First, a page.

Merseyside MP Luciana Berger
urges victims to not suffer in silence
MERSEYSIDE MP Luciana Berger has joined
Merseyside Police in urging victims of hate crime to not suffer in silence, but
come forward and report it. As part of national Hate Crime Awareness Week, which
is taking place this week, the Labour MP, for Wavertree has spoken about being a
victim of hate crime and being targeted because of her Jewish background.
Merseyside Police takes the issue of hate crime very seriously and the purpose
of hate crime awareness week is to educate people about what constitutes a hate
crime and encourage them to come forward if they have been a victim so prompt
action can be taken.
Talking about being a victim of hate crime, in a video interview, Ms Berger
said:- "It makes me feel pretty bad. It's a very difficult thing to go
through. You are attacked because of something you can't change, by way of how
you are born; whether it is your gender or because of a disability or your race
or religion. To be attacked in that way and to be really targeted was awful and
also because other people don't know it is happening. More often than not you
experience it alone and that can be hard and then when your family find out
about it it's difficult for them as well because they are concerned about your
safety and wellbeing and they shoulder that pain and upset as well. I think it
is really important that people know what hate crime is, the different forms it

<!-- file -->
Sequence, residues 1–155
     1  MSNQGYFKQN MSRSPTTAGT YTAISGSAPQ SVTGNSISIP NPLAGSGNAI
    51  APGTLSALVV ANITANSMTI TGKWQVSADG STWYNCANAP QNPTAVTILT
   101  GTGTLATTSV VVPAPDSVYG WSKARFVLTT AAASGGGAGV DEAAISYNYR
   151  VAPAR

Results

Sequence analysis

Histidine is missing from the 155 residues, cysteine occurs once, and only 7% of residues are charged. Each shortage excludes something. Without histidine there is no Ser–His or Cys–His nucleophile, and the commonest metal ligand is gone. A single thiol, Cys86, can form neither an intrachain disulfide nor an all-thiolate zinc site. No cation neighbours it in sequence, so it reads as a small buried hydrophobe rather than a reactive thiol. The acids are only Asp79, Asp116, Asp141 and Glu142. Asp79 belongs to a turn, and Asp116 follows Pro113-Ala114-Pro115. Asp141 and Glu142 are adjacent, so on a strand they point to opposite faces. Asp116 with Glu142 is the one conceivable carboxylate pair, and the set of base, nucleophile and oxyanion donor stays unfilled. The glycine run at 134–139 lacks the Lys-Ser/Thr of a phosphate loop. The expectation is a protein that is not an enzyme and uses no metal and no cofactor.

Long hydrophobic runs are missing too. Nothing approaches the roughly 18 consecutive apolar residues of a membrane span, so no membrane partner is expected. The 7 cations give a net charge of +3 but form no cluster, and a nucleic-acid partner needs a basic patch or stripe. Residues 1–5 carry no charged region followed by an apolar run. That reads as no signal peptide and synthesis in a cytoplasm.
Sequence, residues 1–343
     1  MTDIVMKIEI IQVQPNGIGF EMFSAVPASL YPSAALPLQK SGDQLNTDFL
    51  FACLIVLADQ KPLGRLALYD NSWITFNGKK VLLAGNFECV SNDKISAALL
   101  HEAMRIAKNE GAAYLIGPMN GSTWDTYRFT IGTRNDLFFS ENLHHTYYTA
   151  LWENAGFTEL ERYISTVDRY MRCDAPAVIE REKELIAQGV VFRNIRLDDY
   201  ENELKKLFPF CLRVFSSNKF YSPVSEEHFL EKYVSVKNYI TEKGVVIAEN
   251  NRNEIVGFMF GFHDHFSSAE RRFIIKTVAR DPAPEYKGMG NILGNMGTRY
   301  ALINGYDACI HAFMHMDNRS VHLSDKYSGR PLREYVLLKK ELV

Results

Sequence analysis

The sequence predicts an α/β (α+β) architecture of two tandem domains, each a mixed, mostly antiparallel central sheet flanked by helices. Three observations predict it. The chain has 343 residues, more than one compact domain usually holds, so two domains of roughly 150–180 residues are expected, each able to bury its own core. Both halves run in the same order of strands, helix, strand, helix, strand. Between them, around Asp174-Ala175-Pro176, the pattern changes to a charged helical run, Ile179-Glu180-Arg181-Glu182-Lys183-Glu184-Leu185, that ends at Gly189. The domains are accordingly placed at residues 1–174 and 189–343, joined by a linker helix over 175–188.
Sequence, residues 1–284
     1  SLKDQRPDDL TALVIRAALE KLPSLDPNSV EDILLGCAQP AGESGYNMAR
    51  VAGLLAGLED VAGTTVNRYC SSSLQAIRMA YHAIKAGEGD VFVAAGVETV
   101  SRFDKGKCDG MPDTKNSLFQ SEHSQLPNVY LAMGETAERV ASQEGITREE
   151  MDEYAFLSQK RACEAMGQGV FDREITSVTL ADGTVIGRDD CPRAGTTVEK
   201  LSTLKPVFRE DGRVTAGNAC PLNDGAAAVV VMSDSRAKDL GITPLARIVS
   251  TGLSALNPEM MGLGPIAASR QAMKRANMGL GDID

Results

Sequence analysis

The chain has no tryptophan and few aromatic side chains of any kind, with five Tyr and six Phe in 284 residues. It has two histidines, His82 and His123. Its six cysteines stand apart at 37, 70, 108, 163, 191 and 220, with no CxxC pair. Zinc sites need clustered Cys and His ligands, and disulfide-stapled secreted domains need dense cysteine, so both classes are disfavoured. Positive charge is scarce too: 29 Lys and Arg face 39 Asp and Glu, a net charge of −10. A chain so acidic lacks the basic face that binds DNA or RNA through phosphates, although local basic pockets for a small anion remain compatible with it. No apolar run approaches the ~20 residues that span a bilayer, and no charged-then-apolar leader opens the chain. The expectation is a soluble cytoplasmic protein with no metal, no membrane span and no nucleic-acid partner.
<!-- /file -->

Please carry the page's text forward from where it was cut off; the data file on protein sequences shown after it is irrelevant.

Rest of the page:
can take. It can take place in many different ways and most people don't know
what it is. It bothers me that some people could have been affected so
negatively; as I know that I have been; by that type of crime and essentially
suffer alone. I think it is so important that people know about hate crime and
have the confidence to know if they come forward someone is going to support you
and something will be done. I know from my own experience if you come forward,
there are many different ways you can report hate crime. It doesn't have to be
with the police. There are many opportunities within the community, be that a
Citizens Advice Bureau or a local Hospital or community group, knowing that it
will be treated seriously and action will be taken. I know from my own
experience that the police have been really dedicated to ensure that those types
of crimes are considered like every other crime, very seriously, and people are
pursued to hold them to account for their actions. My message for any victim is
I know what it feels like. I've been at the receiving end of many incidents of
hate crime and I've been supported by the police through that and it's been to
court and people have been convicted for those offences. I want people to have
the confidence that they can come forward. Action will be taken. The courts do
take this seriously and the perpetrators of these crimes will be held to account
and that is what is so important. I think it is really important to raise as